Russian scientists have presented to the media the remains of a teenage woolly rhino that died some 20,000 years ago with 80 percent of its organic material still intact, including hair, teeth, horn and even fat, according to the newspaper Siberian Times.
The discovery was made last August in the melting Siberian permafrost in the Yakutian wilderness. The delivery was only made in late January as they had to wait for the road to freeze over, allowing drivers to traverse the difficult terrain.
"The adolescent woolly rhino is approximately 236 centimetres, which is around one metre less than an adult animal", Dr Gennady Boeskorov from the Yakutia Academy of Sciences told the Siberian Times, adding that it was 130 centimeters in height, which is around 25 centimetres shorter than a fully-grown adult.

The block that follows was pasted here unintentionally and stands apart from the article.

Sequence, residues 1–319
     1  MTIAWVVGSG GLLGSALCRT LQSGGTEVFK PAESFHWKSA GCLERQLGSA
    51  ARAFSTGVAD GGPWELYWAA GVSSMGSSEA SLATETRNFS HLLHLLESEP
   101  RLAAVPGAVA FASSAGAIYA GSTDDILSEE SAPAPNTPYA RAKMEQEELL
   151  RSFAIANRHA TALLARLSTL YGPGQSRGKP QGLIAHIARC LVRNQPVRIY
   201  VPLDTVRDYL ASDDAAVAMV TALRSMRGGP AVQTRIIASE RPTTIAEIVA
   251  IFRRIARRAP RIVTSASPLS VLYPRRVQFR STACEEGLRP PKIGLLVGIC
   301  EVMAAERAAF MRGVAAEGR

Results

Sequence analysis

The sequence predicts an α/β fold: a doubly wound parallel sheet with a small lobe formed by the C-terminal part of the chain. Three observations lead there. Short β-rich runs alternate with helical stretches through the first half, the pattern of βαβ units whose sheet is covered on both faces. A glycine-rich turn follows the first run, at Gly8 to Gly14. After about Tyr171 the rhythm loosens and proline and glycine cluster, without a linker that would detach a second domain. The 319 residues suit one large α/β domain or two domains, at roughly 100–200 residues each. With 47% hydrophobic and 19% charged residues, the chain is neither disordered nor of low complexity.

Scientists believe the teenage rhino died after getting trapped in a bog while running away from human hunters, but the exact cause of death has yet to be established.
This is the second woolly rhinoceros discovered in the Sakha Republic but the first of this age bracket and level of preservation. This gives scientists an opportunity to study the ways in which the rhino grew and developed, shedding light on the organisms.
With the increasingly melting permafrost in the Siberian tundra, such discoveries are becoming more frequent. Concern has been voiced over the possible rejuvenation of ancient bacteria or viruses frozen over the millennia.